Packers fans can stop holding their breath. The Greg Jennings sweepstakes is over, although it didn’t have the result Packers nation was hoping for. The former Packers wide receiver has signed with the Minnesota Vikings.

Jennings hit the free agent market as one of the most coveted receivers available. He was hoping to sign a lucrative deal worth upwards of $10 million a year, but, in reality, the market was softer than Jennings had anticipated. The first day of free agency saw former Steelers receiver Mike Wallace sign a 5-year, $60 million deal with the Miami Dolphins. No surprise there.

Jennings was looking for Wallace-type money, but no offers hit the table. He was forced to lower his asking price, which allowed the Packers and Vikings to enter the conversation.

How fitting? Even when they’re not playing against each other on the football field, the Packers and Vikings find a way to keep their rivalry going.

This isn’t the first time the Vikings have taken advantage of the opportunity to get their hands on some of the Packers’ sloppy seconds, so to speak. Ryan Longwell, Robert Ferguson, Darren Sharper and some guy named Brett Favre found their way to Minnesota after their respective careers in Green Bay. Will the Favre haters please stand up? Now sit down. It was four years ago; time to get over it.

The Vikings had no depth at receiver before signing Jennings, especially after shipping Percy Harvin, their playmaker in the passing game, to the Seattle Seahawks. The move to trade Harvin left Jerome Simpson as the team’s potential No. 1 receiver. Yeah, he’s the guy who flipped over a defender on his way into the end zone as a member of the Cincinnati Bengals just over a year ago. What has Simpson done since then? Good question. The Vikings were desperate for a possession receiver. Hello, Jennings.

The Vikings met with Jennings for two days, starting on Thursday. He went out to dinner with Head Coach Leslie Frazier, General Manager Rick Spielman, Offensive Coordinator Bill Musgrave, Assistant General Manager George Paton and defensive end Jared Allen. No deal appeared imminent. They most likely spent their time watching Jennings “Put the team on his back” on YouTube (picturing him in a Vikings jersey, of course) while sharing a few laughs and a beer. All jokes aside, there had to be something brewing for Jennings to spend the night in Minnesota.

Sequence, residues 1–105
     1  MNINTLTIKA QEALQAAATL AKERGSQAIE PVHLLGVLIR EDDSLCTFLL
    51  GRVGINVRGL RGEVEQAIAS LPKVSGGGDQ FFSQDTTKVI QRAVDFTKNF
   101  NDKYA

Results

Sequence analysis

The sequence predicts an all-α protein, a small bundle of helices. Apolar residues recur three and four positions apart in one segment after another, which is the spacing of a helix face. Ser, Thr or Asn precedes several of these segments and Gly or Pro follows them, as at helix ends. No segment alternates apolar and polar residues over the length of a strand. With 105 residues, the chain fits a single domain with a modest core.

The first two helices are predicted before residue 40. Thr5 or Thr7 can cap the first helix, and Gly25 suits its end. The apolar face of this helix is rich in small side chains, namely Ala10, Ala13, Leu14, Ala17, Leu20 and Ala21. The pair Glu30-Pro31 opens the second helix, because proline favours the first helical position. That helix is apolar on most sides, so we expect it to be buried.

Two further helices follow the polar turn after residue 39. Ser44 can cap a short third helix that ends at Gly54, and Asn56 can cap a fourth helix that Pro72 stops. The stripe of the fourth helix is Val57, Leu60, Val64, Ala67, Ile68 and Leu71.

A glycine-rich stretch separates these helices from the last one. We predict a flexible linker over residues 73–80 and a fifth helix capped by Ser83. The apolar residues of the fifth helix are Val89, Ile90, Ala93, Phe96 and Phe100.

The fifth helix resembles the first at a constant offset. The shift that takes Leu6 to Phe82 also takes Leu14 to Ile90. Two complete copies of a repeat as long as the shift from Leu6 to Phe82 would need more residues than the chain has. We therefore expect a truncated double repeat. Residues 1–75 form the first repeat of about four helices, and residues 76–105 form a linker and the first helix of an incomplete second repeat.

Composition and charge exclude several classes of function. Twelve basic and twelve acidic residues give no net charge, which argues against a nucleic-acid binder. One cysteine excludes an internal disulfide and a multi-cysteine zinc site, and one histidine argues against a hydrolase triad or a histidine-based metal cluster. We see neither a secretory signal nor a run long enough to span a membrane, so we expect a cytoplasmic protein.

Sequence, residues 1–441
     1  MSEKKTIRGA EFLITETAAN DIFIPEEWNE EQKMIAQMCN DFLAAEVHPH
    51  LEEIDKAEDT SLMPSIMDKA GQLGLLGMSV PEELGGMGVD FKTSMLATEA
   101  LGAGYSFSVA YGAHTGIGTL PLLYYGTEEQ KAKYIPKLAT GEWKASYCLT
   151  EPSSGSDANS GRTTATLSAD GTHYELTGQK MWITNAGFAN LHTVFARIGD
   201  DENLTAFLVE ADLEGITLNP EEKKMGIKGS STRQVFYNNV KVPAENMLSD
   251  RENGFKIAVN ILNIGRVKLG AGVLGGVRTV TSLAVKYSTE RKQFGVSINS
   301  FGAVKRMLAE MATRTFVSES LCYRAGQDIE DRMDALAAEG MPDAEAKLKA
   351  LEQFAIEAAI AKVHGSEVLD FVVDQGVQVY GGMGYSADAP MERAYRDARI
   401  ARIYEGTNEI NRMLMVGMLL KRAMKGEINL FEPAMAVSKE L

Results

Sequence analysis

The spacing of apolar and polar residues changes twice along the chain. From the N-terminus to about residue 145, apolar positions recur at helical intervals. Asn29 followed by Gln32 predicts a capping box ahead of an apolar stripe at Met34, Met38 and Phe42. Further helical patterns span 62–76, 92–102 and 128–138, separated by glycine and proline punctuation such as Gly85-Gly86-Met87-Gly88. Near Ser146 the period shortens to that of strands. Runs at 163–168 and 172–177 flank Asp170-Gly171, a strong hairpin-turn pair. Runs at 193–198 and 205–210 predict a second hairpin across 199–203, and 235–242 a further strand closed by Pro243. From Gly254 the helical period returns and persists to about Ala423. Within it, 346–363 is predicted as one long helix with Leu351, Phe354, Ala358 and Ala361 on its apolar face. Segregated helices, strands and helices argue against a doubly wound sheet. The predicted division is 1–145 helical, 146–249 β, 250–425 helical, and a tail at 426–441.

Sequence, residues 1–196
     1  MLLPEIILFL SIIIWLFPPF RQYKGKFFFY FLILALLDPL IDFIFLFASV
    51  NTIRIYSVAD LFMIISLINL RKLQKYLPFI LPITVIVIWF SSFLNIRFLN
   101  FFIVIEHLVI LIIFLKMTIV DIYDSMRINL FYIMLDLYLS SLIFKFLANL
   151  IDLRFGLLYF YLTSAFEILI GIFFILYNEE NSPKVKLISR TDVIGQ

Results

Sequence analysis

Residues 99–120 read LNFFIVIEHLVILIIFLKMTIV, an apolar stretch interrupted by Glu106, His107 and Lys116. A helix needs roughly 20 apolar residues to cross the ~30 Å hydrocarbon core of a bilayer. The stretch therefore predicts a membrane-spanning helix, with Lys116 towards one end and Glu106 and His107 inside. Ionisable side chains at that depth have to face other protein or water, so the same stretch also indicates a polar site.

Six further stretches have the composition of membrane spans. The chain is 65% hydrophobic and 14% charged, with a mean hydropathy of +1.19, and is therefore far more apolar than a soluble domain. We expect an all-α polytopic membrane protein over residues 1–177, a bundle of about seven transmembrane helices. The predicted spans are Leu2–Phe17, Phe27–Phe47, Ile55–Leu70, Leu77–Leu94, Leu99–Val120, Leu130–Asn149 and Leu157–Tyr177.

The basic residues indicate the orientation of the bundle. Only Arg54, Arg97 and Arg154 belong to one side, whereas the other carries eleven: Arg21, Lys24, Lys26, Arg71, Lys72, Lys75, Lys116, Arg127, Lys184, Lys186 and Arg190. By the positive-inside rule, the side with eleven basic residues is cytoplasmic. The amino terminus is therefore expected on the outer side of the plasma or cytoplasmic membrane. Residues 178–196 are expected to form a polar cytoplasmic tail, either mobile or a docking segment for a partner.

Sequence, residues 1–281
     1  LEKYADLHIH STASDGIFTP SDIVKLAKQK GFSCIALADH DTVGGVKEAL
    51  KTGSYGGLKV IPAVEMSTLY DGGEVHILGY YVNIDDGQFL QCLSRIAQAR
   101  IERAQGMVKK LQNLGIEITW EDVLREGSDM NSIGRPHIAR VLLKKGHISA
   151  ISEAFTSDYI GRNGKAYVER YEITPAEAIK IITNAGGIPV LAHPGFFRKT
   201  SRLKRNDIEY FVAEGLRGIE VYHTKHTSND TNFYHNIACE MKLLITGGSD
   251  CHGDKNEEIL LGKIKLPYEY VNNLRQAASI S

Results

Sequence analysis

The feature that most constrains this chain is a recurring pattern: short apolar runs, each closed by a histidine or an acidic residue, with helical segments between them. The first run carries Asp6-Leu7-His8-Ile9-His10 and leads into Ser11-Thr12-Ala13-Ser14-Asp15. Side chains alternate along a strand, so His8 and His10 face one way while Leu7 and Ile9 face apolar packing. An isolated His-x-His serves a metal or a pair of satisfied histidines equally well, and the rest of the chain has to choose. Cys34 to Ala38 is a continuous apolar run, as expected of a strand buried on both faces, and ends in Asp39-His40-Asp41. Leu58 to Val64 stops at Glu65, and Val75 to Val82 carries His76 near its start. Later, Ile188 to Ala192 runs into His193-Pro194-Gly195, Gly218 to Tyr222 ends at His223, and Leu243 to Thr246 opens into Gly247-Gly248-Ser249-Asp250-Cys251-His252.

Friday, Jennings reached an agreement with the Vikings on a five-year deal worth $47.5 million, with $18.5 million guaranteed. Jennings was Minnesota’s best remaining option at receiver. They couldn’t let him get away, and they didn’t. That being said, spending a sizeable chunk of change on a 29-year-old receiver with an injury history isn’t necessarily what I would consider a bargain, especially after a season in which Jennings only played eight games.

Jennings will get plenty of touches in Minnesota. He’ll score some touchdowns, too. But when his name shows up on the Vikings’ injury report for the first time, forgive me if I greet Vikings fans with “I told you so.”

With many explosive weapons on the Packers’ offense – Randall Cobb, James Jones, Jordy Nelson, to name a few – Green Bay was not prepared to engage in a bidding war with Minnesota. It wasn’t realistic to expect the Packers to spend a lot of money on a guy, who, in all honesty, would be the Packers’ third- or fourth-best receiver on the roster.

Jennings was the guy in Green Bay for many years. We’ve seen what he can do when he’s healthy, but there comes a time when a player and organization have to part ways for the best of both parties. That time was now for Jennings. Don’t be surprised if the Packers are better off without him.

Jennings said the quarterback would be a major factor in determining which team he would sign with. That tells us one thing: money talks. Aaron Rodgers is a better quarterback than Christian Ponder, no questions asked. The Vikings signed former Chiefs quarterback Matt Cassel to a one-year, $4 million deal.

That makes the Vikings better at quarterback, right? Not at all. It’s a waste of money.

The only thing it does for Minnesota is encourages a quarterback competition, during which Jennings will be forced to work on his chemistry with two quarterbacks, instead of arguably the best one in the NFL.

Jennings is in a better financial position now, but I don’t see him being in the position to win a Super Bowl during his next five years in Minnesota. There’s simply too much firepower in the NFC for the Vikings to compete.

After all, Jennings already has a ring. Why not strive for a bigger pay day?

The Vikings can keep winning the Packers’ free agents. The Packers will stick to what they do best: winning football games.

It’ll be difficult to hate a role model like Jennings, which is why I won’t. Fourteen games of the season I won’t be disappointed if Jennings succeeds. But when he plays against the Packers twice each year, I’ll be wearing my Donald Driver jersey, knowing that’s what Jennings could have been.

How do you think Jennings will do in Minnesota?